Reliable, actionable data analytics can get the job done.
Healthcare organizations (HCOs) involved in value-based care programs are trying to bend the cost curve by aggressively managing high-cost, high-need patients while eliminating waste and inefficiency without sacrificing quality.
Faced with these challenging population health management (PHM) goals, many HCOs may be considering artificial intelligence (AI) technology before it has reached a maturity level capable of delivering reliable enterprise-wise intelligence. While AI is certainly an exciting technology offering opportunities across PHM today, there is no reason to wait for its next iteration while costs and care-quality performance suffer.
Accurate, timely and reliable intelligence is available now through robust data analytics technologies that are already widely adopted across HCOs with great success. Instead of waiting for the next big thing, data analytics can meet organizations where they are now to help point providers toward improved outcomes and performance.
Overall, the key to controlling costs and improving the quality of care is to analyze data on the entire patient population. By trying to ensure that healthy patients access preventive care and patients with moderate chronic diseases are managing them, HCOs can meaningfully impact overall quality, manage their rosters and reduce the total cost of care.
An effective population health solution available now will automatically identify patient care gaps, using a combination of claims data and clinical data from multiple sources. It will also use automated messaging via phone, email or text to alert patients with care gaps that they need to make appointments to see their providers.
The combination of automated messaging and an effective use of annual wellness visits (AWVs) can motivate many people who would ordinarily not come into the office to see their providers. Aside from helping to fill care gaps, this is important because, under many value-based contracts, patients are not attributed to a provider unless they visit within a particular time period. These patients, who tend to be relatively healthy and low-cost, counterbalance the sicker patients covered under shared-savings and risk contracts.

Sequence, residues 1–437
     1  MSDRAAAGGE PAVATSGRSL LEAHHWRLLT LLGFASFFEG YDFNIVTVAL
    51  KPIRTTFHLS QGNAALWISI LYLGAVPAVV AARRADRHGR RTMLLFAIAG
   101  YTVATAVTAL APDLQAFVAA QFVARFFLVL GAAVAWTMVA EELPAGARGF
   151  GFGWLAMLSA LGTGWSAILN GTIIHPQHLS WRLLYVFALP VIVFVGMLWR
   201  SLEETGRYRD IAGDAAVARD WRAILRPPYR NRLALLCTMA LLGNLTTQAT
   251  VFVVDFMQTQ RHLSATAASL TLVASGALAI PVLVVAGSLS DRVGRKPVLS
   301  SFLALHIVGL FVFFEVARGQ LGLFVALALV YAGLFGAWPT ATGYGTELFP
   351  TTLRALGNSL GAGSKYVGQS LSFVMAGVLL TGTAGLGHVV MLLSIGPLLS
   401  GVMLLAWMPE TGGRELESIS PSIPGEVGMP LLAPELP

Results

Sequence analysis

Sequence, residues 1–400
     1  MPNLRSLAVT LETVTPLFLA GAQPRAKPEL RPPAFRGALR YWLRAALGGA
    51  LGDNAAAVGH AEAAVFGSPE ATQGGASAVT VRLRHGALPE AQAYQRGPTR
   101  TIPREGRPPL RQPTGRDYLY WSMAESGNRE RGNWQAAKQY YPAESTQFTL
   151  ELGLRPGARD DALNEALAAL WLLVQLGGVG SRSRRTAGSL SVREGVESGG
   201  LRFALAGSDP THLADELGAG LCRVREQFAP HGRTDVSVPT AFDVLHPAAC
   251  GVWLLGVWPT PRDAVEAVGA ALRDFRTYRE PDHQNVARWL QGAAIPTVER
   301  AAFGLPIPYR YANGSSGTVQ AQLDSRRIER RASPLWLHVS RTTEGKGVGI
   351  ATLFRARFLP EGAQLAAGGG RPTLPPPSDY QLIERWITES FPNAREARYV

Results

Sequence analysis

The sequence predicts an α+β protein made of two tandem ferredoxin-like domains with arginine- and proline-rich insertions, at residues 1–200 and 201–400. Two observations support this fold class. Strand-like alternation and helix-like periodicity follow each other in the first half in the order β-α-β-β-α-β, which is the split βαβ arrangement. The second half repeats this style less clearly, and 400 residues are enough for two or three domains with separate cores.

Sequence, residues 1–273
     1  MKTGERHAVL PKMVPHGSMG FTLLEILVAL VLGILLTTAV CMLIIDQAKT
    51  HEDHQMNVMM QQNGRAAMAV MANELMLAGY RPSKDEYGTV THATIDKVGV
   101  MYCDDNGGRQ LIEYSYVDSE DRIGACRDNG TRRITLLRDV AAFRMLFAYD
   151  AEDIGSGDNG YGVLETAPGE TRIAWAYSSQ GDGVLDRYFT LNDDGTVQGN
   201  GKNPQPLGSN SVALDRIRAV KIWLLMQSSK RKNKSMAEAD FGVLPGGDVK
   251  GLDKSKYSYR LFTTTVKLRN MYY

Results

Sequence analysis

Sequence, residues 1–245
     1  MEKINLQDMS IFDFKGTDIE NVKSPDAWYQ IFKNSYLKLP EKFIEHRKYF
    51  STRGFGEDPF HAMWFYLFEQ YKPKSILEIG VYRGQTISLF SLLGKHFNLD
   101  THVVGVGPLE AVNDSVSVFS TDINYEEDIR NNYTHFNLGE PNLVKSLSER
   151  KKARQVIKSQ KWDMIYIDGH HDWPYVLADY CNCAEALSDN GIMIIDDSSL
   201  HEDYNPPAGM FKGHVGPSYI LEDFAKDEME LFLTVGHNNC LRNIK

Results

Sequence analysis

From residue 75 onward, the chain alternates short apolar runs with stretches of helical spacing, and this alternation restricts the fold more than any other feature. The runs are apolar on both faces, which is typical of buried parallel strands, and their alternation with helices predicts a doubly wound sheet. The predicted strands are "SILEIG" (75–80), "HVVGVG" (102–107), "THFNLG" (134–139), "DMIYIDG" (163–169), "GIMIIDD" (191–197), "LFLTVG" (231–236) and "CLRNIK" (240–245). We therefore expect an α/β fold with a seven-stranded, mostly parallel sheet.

Alerts based on analyzed data must be presented to providers very thoughtfully. Physicians are busy with patient care and prefer not to deal with data inputs they consider irrelevant. They do appreciate access to information on care and coding gaps, particularly as they apply to hierarchical condition categories crucial to Medicare Advantage plans. But to get providers’ attention, these kinds of prompts must be inserted into the clinical workflow, which requires a seamless EHR integration.
Improving outcomes across the entire patient population is aspirational and continuous, but from a practicality standpoint, HCOs may initially concentrate PHM efforts on their highest-risk, highest-need patients. Because, as most providers are well aware, just 5% of the population accounts for half of all healthcare spending.
Data analytics can identify and categorize such populations by health risk or disease burden in a timely and useful way. Using an enterprise data warehouse, predictive analytic tools overcome the 30-day-or-more claims lag time by combining real-time, comprehensive clinical information, lab data and other information to identify patients who will generate most of the HCO’s health costs in the near term. Information on these patients can be easily shared with care-management clinicians for prompt, preventive interventions.
Furthermore, analytics delivers crucial insight into high-cost areas like emergency department utilization and post-acute-care patterns. Use is highly variable in these areas; if the population leverages these resources at above-average rates, it is important to understand why.
Physicians are being held accountable for their performance, and they’d like the opportunity to see how they’re doing on quality measures at all times. So a robust population health solution will include a dashboard that allows providers to view performance. It should also give them the flexibility to quickly drill down to the individual patient level so they can identify improvement opportunities.
Finally, neither providers nor HCOs want an array of population health solutions that don’t work together, which often is a problem with the next-big-thing solutions. Emerging technologies that only deliver risk stratification or utilization analysis, or that can’t provide actionable data, won’t cut it. Likewise, if you add too many programs — especially yet-to-be-proven solutions — to the EHR, which doctors are already spending too much time on, they won’t use them.
What physicians will use here and now is an end-to-end solution that is integrated with their EHRs and that quickly and easily gives them the information they need and provides the features necessary today to execute on population health management.
Kent Locklear, MD, is CMO of Lightbeam Health Solutions.
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